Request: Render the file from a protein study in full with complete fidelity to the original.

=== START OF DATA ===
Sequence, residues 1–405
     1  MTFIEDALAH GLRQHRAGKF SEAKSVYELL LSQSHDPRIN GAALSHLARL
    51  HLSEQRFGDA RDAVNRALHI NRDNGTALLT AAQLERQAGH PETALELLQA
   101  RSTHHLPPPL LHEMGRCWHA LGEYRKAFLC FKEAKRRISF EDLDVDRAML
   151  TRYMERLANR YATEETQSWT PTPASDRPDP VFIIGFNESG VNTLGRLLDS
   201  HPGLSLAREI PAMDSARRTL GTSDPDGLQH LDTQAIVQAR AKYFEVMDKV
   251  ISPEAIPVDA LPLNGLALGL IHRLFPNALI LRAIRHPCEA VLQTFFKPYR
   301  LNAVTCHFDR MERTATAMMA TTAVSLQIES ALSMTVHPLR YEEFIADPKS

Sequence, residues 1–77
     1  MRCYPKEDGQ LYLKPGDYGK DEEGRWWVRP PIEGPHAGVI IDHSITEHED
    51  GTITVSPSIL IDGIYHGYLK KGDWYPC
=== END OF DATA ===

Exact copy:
Sequence, residues 1–405
     1  MTFIEDALAH GLRQHRAGKF SEAKSVYELL LSQSHDPRIN GAALSHLARL
    51  HLSEQRFGDA RDAVNRALHI NRDNGTALLT AAQLERQAGH PETALELLQA
   101  RSTHHLPPPL LHEMGRCWHA LGEYRKAFLC FKEAKRRISF EDLDVDRAML
   151  TRYMERLANR YATEETQSWT PTPASDRPDP VFIIGFNESG VNTLGRLLDS
   201  HPGLSLAREI PAMDSARRTL GTSDPDGLQH LDTQAIVQAR AKYFEVMDKV
   251  ISPEAIPVDA LPLNGLALGL IHRLFPNALI LRAIRHPCEA VLQTFFKPYR
   301  LNAVTCHFDR MERTATAMMA TTAVSLQIES ALSMTVHPLR YEEFIADPKS

Sequence, residues 1–77
     1  MRCYPKEDGQ LYLKPGDYGK DEEGRWWVRP PIEGPHAGVI IDHSITEHED
    51  GTITVSPSIL IDGIYHGYLK KGDWYPC